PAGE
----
National News

National News at a Glance

Posted December 1, 2018 7:28 p.m. EST

Plans for a State Funeral in the Nation’s Capital, Then Burial in Texas

Former President George H.W. Bush, who died at home in Houston on Friday, will soon be taken to Washington. A bicameral arrival ceremony for Bush will be held at the U.S. Capitol in Washington on Monday at 5 p.m. Bush will lie in state in the Rotunda with his coffin on display for public viewing until Wednesday morning. Bush will also be honored with a state funeral at the National Cathedral in Washington. The White House confirmed that President Donald Trump will attend. On Thursday, Bush will be laid to rest on the grounds of his presidential library and museum at Texas A&M University.

Despite Hostile History, Trump Praises Bush

President Donald Trump, who had a hostile relationship with the last Republican family to occupy the White House, offered nothing but praise Saturday for former President George H.W. Bush after he died at 94. "He was a truly wonderful man and will be missed by all!” Trump wrote on Twitter. Trump’s words of admiration, delivered while in Argentina for an international summit, belied his history of animosity with the Bush family. Trump eviscerated Bush’s son Jeb Bush during the 2016 Republican primaries and regularly disparaged another of his sons, former President George W. Bush. The elder Bush refused to support Trump in 2016.

Houston Recalls Legacy of George Bush, Its Lone Star Yankee and Senior Booster

George Herbert Walker Bush and Houston — both a little quirky, a little square, a little misunderstood — were a natural fit. The former president was an apolitical Lone Star Yankee, revered for long ago helping to give an international gravitas to a city where he lived off and on since the 1950s and spent his post-White House years. Bush was the most senior local booster in the city, known nearly as much for being the former chairman of the Harris County Republican Party (in 1963) and a congressman (until 1971) as for being president.

The Anchorage Earthquake Was Terrifying. But the Damage Could’ve Been Much Worse.

The magnitude 7 earthquake that jolted Anchorage on Friday cracked buildings, damaged roads and buckled bridges, drawing swift comparisons to a 1964 quake that devastated the region and remains a dominant part of Alaskan history. But Saturday, even amid hundreds of aftershocks, residents of Anchorage marveled that the damage had not been much worse. The Anchorage Fire Department responded to four structure fires as a result of the quake, according to City Hall, and two reports of structure collapse are being investigated. The city’s main utilities were all up and running Saturday, the Anchorage municipal manager said. No deaths have been reported.

Trump Administration Peppers Inboxes With Plugs for Private Medicare Plans

Older Americans have been flocking to Medicare’s private plans, which promise predictable costs and extra benefits. But the private Medicare Advantage plans have been getting an unpublicized boost from the Trump administration, which has in the last few weeks extolled the virtues of the private plans in emails sent to millions of beneficiaries. Administration officials deny they are steering patients to private plans, but the subject lines of recent emails read almost like advertisements. “Get more benefits for your money,” says one. The messages — “paid for by the U.S. Department of Health and Human Services” — urge beneficiaries to “check out Medicare Advantage.”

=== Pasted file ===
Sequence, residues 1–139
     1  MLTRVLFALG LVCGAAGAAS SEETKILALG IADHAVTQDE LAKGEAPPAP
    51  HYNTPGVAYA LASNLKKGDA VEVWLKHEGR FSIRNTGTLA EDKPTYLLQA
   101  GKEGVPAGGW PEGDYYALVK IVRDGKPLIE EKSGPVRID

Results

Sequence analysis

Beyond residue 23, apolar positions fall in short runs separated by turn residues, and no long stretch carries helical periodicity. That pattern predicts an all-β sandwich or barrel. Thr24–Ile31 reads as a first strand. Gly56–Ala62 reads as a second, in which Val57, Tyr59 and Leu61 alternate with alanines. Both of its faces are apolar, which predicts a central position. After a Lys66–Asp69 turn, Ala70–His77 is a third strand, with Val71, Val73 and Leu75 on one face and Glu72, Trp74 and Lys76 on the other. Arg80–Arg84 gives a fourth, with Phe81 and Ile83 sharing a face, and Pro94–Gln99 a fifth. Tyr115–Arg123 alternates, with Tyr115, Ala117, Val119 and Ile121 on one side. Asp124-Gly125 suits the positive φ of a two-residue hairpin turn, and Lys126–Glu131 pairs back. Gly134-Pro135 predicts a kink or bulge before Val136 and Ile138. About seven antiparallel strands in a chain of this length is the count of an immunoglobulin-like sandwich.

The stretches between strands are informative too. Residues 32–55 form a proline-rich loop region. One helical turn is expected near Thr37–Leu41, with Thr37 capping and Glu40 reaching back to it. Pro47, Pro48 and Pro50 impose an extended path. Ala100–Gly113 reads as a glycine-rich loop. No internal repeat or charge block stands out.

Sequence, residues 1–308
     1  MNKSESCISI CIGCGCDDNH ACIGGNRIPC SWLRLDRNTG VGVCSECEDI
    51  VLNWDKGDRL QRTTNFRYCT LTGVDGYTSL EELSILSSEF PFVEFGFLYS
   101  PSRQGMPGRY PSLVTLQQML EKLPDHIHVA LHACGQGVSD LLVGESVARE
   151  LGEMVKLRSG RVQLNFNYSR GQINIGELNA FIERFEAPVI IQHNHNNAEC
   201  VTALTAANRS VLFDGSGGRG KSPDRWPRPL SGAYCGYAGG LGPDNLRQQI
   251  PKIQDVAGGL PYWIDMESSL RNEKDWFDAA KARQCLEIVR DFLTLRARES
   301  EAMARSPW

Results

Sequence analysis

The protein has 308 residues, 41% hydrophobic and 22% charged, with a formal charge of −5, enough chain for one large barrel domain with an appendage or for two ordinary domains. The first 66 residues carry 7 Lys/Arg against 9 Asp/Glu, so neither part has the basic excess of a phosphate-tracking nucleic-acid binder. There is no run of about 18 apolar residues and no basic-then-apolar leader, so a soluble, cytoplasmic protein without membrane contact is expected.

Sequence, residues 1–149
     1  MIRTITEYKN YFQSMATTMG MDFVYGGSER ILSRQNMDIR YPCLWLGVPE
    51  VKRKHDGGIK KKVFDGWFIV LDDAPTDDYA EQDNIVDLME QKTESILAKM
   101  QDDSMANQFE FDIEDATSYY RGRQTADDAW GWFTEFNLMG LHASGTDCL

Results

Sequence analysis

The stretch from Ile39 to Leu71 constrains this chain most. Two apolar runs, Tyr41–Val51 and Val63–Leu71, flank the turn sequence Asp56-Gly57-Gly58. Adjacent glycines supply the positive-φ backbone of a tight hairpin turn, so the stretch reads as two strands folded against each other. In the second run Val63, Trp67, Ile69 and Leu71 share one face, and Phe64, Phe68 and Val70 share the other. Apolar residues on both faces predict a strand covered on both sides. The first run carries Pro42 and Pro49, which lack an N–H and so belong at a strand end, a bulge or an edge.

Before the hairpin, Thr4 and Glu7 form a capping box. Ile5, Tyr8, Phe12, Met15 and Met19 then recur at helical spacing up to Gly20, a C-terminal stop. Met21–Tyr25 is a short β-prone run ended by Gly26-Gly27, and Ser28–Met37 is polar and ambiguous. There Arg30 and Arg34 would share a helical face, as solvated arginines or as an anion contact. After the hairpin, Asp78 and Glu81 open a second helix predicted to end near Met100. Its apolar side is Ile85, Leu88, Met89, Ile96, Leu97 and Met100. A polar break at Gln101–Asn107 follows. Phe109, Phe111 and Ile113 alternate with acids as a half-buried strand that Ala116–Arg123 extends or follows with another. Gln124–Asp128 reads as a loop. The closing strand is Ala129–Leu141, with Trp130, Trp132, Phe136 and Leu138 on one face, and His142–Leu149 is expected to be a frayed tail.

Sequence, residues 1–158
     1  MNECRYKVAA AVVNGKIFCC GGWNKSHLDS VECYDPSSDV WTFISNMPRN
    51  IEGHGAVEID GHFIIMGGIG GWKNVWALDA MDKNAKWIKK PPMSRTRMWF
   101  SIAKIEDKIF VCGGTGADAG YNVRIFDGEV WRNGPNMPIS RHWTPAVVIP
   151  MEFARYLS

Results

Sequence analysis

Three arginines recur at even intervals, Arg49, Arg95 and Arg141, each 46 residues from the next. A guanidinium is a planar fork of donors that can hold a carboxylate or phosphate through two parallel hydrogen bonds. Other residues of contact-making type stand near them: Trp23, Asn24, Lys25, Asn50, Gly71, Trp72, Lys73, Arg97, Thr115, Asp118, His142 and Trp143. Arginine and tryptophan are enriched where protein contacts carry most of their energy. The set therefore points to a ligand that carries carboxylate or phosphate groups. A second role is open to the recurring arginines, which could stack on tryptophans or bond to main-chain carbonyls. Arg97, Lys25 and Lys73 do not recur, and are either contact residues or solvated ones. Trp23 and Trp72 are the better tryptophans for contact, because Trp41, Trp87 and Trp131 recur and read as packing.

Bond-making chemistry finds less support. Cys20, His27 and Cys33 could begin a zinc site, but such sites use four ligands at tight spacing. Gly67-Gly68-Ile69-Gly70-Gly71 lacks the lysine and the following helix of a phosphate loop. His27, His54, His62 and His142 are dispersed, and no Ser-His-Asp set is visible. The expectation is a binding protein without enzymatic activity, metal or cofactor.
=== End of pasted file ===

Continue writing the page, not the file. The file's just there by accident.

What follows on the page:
Immigrants Are Entitled to Jury Trial for Deportable Offenses, New York Court Rules

As crime overwhelmed New York City’s courts in the 1970s, the state Legislature decided that people facing less than six months in jail would have their cases decided by a single judge rather than a jury. That law has had the unintended effect of depriving immigrants in the city of jury trials for crimes like prostitution and harassment, even though they face the stiff punishment of deportation if convicted, advocates for immigrants said. This week New York state’s highest court declared that noncitizens are entitled to jury trials for deportable offenses under the Sixth Amendment, which guarantees the right to a trial by jury.

Miami Police Sergeant Suspended After Video Shows Him Tossing a Jewish Holy Book

A police sergeant in Miami was suspended Friday after a video emerged in which he could be seen tossing a Jewish holy book into the back of a pickup truck and calling it “crap." In the clip, which was reported on by a local news station, the sergeant, who appeared to be recording himself, could be seen holding a Tanakh, a Jewish holy book, and a wooden box engraved with the Star of David. In a statement, the chief of the Miami Police Department called the video “disturbing” and said the sergeant had been suspended and an internal affairs investigation was underway.

Judge Allows ‘Harry Potter’ and ‘Evan Hansen’ in San Francisco

A judge has refused a request by one of the nation’s largest theater owners to block San Francisco productions of “Dear Evan Hansen” and “Harry Potter and the Cursed Child." The ruling, issued Friday in the Court of Chancery in Delaware, pauses, at least for the moment, a bitter dispute between two prominent theater families, the Nederlanders and the Shorensteins, that were once allied and are now at odds. The two families for decades jointly operated the three big commercial theaters in downtown San Francisco, but have been sparring for several years.